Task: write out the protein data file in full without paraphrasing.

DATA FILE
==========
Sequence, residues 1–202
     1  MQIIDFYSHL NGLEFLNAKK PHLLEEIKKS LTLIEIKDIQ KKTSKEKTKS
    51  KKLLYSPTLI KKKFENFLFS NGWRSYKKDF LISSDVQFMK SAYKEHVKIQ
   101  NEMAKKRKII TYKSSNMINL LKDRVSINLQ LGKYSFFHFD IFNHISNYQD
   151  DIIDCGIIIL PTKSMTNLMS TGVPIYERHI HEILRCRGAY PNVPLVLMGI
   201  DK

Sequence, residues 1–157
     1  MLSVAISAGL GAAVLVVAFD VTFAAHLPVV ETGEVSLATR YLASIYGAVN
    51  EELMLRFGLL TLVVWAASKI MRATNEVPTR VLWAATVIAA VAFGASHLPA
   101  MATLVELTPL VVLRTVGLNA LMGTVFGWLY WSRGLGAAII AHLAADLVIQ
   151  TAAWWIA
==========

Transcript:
Sequence, residues 1–202
     1  MQIIDFYSHL NGLEFLNAKK PHLLEEIKKS LTLIEIKDIQ KKTSKEKTKS
    51  KKLLYSPTLI KKKFENFLFS NGWRSYKKDF LISSDVQFMK SAYKEHVKIQ
   101  NEMAKKRKII TYKSSNMINL LKDRVSINLQ LGKYSFFHFD IFNHISNYQD
   151  DIIDCGIIIL PTKSMTNLMS TGVPIYERHI HEILRCRGAY PNVPLVLMGI
   201  DK

Sequence, residues 1–157
     1  MLSVAISAGL GAAVLVVAFD VTFAAHLPVV ETGEVSLATR YLASIYGAVN
    51  EELMLRFGLL TLVVWAASKI MRATNEVPTR VLWAATVIAA VAFGASHLPA
   101  MATLVELTPL VVLRTVGLNA LMGTVFGWLY WSRGLGAAII AHLAADLVIQ
   151  TAAWWIA